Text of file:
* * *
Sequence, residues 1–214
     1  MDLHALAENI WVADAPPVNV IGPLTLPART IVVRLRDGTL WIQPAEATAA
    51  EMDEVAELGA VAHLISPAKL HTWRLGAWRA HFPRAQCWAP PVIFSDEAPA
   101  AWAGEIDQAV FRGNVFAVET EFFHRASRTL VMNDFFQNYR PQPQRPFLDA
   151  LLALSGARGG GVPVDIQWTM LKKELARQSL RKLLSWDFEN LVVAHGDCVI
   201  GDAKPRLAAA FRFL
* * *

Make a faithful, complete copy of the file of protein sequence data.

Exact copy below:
Sequence, residues 1–214
     1  MDLHALAENI WVADAPPVNV IGPLTLPART IVVRLRDGTL WIQPAEATAA
    51  EMDEVAELGA VAHLISPAKL HTWRLGAWRA HFPRAQCWAP PVIFSDEAPA
   101  AWAGEIDQAV FRGNVFAVET EFFHRASRTL VMNDFFQNYR PQPQRPFLDA
   151  LLALSGARGG GVPVDIQWTM LKKELARQSL RKLLSWDFEN LVVAHGDCVI
   201  GDAKPRLAAA FRFL